The U.K. cases, reported by Christopher Martin Allen, MD, and colleagues at Nottingham (England) University Hospitals NHS Trust, describe bifacial weakness and normal facial sensation in four men between 11 and 22 days after their first doses of the Astra-Zeneca vaccine. This type of facial palsy, the authors wrote, was unusual Guillain-Barré syndrome variant that one rapid review found in 3 of 42 European patients diagnosed with Guillain-Barré syndrome following SARS-CoV-2 infection.
Allen and colleagues acknowledged that causality could not be assumed from the temporal relationship of immunization to onset of bifacial weakness in their report, but argued that their findings argued for “robust postvaccination surveillance” and that “the report of a similar syndrome in the setting of SARS-CoV-2 infection suggests an immunologic response to the spike protein.” If the link is casual, they wrote, “it could be due to a cross-reactive immune response to the SARS-CoV-2 spike protein and components of the peripheral immune system.”
“The Jury Is Still Out”
Asked for comment, neurologist Anthony Amato, MD, of Brigham and Women’s Hospital, Boston, said that he did not see what the two new studies add to what is already known. “Guillain-Barré syndrome has already been reported temporally following COVID-19 along with accompanying editorials that such temporal occurrences do not imply causation and there is a need for surveillance and epidemiological studies.”
Robert Lisak, MD, of Wayne State University, Detroit, and a longtime adviser to the GBS-CIDP Foundation International, commented that “the relationship between vaccines and association with Guillain-Barré syndrome continues to be controversial in part because Guillain-Barré syndrome, a rare disorder, has many reported associated illnesses including infections. Many vaccines have been implicated but with the probable exception of the ‘swine flu’ vaccine in the 1970s, most have not stood up to scrutiny.”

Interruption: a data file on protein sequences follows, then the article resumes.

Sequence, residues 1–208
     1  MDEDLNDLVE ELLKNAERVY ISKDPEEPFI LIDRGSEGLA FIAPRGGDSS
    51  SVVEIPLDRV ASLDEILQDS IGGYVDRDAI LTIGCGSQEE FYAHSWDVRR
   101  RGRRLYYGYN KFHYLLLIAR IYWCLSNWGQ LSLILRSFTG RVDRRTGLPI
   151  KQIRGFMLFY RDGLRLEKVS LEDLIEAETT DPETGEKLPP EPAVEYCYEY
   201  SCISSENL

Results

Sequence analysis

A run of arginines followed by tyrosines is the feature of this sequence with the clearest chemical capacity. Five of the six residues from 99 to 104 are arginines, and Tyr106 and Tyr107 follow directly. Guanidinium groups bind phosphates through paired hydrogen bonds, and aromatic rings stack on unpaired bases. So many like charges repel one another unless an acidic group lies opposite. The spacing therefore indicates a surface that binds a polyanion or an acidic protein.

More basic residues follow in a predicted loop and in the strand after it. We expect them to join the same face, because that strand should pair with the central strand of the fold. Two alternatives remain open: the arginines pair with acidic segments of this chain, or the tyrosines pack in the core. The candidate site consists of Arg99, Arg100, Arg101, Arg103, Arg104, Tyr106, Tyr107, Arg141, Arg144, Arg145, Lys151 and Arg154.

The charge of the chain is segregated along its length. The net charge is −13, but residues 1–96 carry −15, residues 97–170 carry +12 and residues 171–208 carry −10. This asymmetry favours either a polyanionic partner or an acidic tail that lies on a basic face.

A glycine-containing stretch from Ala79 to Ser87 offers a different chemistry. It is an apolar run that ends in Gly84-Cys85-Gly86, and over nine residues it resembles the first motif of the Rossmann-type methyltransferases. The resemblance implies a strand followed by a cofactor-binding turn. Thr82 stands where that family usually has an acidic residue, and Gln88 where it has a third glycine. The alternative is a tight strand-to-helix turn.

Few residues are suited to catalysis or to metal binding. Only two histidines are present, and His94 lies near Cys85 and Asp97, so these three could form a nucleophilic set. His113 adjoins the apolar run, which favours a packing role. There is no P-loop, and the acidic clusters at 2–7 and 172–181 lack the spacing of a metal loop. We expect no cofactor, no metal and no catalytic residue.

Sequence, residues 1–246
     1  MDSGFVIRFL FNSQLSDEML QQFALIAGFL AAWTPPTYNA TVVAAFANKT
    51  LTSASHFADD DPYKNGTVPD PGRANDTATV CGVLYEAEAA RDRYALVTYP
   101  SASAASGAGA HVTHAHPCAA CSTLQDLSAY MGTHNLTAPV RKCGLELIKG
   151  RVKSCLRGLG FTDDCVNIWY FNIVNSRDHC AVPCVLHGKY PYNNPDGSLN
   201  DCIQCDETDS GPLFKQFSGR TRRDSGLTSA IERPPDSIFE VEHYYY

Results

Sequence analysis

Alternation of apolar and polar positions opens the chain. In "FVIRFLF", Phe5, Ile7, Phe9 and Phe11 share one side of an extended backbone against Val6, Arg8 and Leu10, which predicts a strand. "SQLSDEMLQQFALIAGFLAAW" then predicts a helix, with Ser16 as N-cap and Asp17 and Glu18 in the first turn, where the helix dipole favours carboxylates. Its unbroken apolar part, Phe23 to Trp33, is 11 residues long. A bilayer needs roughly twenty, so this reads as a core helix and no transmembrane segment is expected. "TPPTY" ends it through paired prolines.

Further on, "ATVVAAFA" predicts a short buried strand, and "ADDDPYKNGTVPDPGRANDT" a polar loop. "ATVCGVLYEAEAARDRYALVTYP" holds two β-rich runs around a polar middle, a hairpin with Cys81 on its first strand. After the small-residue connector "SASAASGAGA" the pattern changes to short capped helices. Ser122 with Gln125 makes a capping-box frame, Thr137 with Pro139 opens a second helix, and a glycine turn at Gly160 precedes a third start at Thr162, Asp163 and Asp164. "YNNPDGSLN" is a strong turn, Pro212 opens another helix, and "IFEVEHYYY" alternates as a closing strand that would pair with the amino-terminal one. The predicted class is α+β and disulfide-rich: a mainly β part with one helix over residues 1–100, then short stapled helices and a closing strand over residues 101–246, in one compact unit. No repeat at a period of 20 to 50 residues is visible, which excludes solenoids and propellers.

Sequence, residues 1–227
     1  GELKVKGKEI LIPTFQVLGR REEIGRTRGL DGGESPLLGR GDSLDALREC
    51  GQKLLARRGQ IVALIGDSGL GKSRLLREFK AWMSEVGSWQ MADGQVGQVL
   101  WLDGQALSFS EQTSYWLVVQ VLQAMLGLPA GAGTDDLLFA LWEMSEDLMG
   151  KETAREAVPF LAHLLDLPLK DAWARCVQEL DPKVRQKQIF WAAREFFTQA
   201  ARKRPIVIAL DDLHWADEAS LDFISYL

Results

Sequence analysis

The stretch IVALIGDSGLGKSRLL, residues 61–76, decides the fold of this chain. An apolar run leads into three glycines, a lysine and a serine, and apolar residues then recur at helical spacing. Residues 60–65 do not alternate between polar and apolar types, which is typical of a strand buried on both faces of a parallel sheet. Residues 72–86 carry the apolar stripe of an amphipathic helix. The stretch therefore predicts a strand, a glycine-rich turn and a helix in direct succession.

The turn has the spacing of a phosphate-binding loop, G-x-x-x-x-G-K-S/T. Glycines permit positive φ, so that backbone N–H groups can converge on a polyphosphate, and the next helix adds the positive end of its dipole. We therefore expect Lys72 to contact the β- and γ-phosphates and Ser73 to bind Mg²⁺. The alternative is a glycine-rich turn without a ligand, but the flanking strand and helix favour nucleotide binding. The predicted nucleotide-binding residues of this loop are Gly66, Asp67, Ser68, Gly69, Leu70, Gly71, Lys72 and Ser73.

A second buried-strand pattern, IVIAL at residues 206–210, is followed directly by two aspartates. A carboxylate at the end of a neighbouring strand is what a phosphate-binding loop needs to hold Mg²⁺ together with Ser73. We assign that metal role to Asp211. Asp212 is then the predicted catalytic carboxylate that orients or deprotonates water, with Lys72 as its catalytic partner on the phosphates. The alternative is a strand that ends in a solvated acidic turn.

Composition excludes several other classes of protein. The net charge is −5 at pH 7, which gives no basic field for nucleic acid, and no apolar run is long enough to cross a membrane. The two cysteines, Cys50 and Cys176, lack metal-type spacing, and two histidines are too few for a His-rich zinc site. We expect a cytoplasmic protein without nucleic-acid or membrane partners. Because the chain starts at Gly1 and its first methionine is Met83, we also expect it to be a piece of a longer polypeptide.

With SARS-Cov-2 infection and vaccines, “the jury is still out,” Lisak said. “The report from the U.K. is intriguing since they report several cases of an uncommon variant, but the cases from India seem to be more of the usual forms of Guillain-Barré syndrome.”
Lisak noted that, even if an association turns out to be valid, “we are talking about a very low incidence of Guillain-Barré syndrome associated with COVID-19 vaccines,” one that would not justify avoiding them because of a possible association with Guillain-Barré syndrome.
The GBS-CIDP Foundation, which supports research into Guillain-Barré syndrome and related diseases, has likewise stressed the low risk presented by SARS-CoV-2 vaccines, noting on its website that “the risk of death or long-term complications from COVID in adults still far exceeds the risk of any possible risk of Guillain-Barré syndrome by several orders of magnitude.”
None of the study authors reported financial conflicts of interest related to their research. Amato is an adviser to the pharmaceutical firms Alexion and Argenx, while Lisak has received research support or honoraria from Alexion, Novartis, Hoffmann-La Roche, and others.
This article originally appeared on MDedge.com, part of the Medscape Professional Network.